Since 2000, when 16-year-old Fan Chuan from Tianjin came to Beijing to pursue a musical career, he has been living in a rented two-room single storey house, tucked away in a downtown hutong.
The house looks no different to the others, except for its iron door, which is one foot thick.
Over the years, Fan has joined a few rock bands as singer and songwriter. Driven by a strong urge to record albums of his own songs, Fan, advised by one recording engineer friend, has subsequently padded his living room and added a set of drums, a guitar, a vibraphone, battered amplifiers and reverb units that are stacked against a wall. He also bought a second-hand basic 32-track Pro Tools LE system and interfaced it with a computer, which he put in his bedroom.
By the end of last year, Fan had virtually converted his house into a recording studio where he continues his musical pursuits as a singer and songwriter, and at the same time, making a living by running the recording business.
Fan is part of a quiet revolution in music making: the move from professional studios to home recording. Making an album used to mean booking a fixed amount of very expensive time in a well-equipped but unfamiliar room; now, it can be a matter of rolling out of bed and pressing a button.
Whether it's Fan's Brit-rock, his friend's underground hip-hop or the melodious songs created by netizens and released on the Internet, more and more music is emerging not from acoustically perfect state-of-the-art studios, but from set-ups tucked into bedrooms and basements.
Home recording studios have sprung up like mushrooms over the years the estimated number of home studios in Beijing is over 100 greatly thanks to the rapid development in digital recording.
Now a virtual recording console, effects and instrumental sounds are all tucked into software like Pro Tools, the nearly ubiquitous program that was introduced by Digidesign in 1991. It simulates a multi-track studio capable of recording, overdubbing, mixing, editing, even tuning up missed notes or placing a sound on the beat.
In the 21st century, homemade recordings can be indistinguishable from studio products.
Fan has spent around 200,000 yuan (US$25,000) on his home recording studios. "That's a lot of money for me," Fan admitted. "But in the long run, I can save a lot since I now have a studio for both rehearsal and recording. Moreover, I thought I could retrieve the investment by leasing the studio to other bands or doing final mixes for them."
To mix an album for a band in a studio like Fan's means around one month's recording and mixing, which costs around 30,000 yuan (US$3,600). For Fan, this is serious business, from which he could make a small fortune as long as he gets a booking every month.
But he doesn't.
"Nowadays people seem to be more eager to seek fame rather than real professional success," Fan lamented.
Few bands can afford to record their albums, so Fan has turned to what he calls "random business," that is, to record songs for individuals.
To his surprise, his random business thrives.
"It seems that people are ready to pay to record one or two songs of their own, either as gifts or for self appreciation," he said.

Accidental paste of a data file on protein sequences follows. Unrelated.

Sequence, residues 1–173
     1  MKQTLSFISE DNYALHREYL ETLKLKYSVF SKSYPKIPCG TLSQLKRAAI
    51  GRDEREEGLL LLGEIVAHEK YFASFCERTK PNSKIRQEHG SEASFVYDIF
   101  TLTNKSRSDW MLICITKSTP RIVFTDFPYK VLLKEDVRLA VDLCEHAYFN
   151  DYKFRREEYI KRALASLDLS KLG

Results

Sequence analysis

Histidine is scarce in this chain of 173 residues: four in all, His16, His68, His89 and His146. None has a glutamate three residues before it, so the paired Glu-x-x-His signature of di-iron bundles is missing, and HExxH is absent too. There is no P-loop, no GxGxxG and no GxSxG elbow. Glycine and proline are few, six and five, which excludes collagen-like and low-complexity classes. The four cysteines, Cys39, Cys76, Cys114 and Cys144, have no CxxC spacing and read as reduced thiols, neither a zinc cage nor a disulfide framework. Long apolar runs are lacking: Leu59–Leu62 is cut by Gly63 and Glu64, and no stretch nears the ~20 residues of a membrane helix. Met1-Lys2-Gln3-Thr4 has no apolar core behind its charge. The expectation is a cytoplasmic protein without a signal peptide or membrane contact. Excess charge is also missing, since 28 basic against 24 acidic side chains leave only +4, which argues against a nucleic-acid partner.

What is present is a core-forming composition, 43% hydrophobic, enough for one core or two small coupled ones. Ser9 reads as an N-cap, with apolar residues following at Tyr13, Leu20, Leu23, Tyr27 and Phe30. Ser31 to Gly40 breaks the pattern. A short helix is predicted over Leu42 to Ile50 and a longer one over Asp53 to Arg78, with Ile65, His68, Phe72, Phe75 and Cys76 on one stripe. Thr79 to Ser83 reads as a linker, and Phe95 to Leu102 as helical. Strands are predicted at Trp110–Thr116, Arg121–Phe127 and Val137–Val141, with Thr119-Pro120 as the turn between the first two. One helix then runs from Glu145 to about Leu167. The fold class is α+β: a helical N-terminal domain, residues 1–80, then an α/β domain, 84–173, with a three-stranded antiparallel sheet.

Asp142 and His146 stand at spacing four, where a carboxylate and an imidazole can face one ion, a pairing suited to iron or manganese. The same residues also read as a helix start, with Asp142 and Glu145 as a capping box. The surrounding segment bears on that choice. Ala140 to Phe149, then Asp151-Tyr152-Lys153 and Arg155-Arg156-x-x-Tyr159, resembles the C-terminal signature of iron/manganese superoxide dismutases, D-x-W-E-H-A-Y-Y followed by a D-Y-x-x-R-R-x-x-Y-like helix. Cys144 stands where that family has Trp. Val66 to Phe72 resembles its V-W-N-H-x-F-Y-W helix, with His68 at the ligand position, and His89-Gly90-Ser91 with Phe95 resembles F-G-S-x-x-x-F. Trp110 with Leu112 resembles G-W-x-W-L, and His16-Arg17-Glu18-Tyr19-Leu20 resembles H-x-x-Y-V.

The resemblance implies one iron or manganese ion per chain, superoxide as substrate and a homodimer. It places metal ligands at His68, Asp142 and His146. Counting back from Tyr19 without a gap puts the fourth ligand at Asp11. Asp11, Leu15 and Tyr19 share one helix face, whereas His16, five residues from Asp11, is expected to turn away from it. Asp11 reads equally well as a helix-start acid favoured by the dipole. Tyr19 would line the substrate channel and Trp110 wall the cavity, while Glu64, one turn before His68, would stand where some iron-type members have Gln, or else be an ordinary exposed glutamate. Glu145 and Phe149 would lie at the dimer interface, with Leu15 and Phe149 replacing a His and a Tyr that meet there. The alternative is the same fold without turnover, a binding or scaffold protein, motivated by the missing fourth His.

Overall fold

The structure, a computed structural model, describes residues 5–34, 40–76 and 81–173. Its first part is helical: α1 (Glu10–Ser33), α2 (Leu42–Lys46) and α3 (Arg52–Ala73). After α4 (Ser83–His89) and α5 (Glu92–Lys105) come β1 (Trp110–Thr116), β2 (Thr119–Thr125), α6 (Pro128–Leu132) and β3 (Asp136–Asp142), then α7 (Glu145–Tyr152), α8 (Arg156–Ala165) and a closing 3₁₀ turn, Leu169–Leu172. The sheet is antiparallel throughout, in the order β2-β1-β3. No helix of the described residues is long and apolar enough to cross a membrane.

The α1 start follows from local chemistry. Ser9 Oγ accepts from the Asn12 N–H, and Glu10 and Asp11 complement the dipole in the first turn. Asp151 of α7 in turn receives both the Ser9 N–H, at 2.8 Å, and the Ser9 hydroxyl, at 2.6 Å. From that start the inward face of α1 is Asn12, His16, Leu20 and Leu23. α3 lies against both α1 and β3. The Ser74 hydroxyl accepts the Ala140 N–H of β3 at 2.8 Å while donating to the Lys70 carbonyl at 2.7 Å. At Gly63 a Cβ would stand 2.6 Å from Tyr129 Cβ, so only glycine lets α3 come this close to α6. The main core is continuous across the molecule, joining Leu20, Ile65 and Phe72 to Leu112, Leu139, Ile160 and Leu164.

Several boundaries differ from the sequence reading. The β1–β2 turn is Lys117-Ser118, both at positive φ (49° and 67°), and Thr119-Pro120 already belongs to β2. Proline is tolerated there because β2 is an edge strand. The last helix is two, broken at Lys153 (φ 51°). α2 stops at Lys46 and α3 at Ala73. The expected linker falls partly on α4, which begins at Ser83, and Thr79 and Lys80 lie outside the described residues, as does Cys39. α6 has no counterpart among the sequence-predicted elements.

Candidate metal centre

He gets one or two customers a day through reservation from the Internet.
Most of his customers are white-collar workers, college students and professional up-rising singers. The majority of them are would-be musicians, with or without talent, who are eager to participate in various TV singing contests in hope of an overnight success.
In March when Beijing Television hosted a singing contest, Fan recorded songs in his studio for at least 30 participants in the program.
"It is surprising to find out so many people are eager to be famous," said Fan in a way that makes him looks older than he actually is. "But lucky for me, they helped save my business."
Random business can be very stressful and too time-consuming to be profitable, according to Fan, who can make 150 yuan (US$19) to record and mix one song, but it can take one week to complete.
Fan remembered he once spent 48 hours adjusting each tune on a recording by a person who could hardly sing a note.
"The best thing about today's digital recording technology is that with all the final mix techniques it provides, it has made it possible for anyone who has a voice to 'sing' like a real singer," Fan said with a mocking smile. "But for us recording engineers, it can sometimes be a torture. It's a very lonely process and you need great patience to finish it. But the flip side is that I have this great luxury of a permanent small studio space that I can always call my own."
When it's easy to record at any time, musicians don't hold back.
"I work a lot on my own songs," said Fan. "I figure I've got more than 100 unreleased songs. A lot of them are not very good. If you're trying out a new idea in front of your friends or your band mates, if it's terrible they're going to throw stuff at you. I have a lot of terrible ideas. But working at home, you can be as embarrassing as you want, and you'll be the only person who will ever hear it. And sometimes the really dumb ideas that you have can be the best pieces of music."
(China Daily July 17, 2006)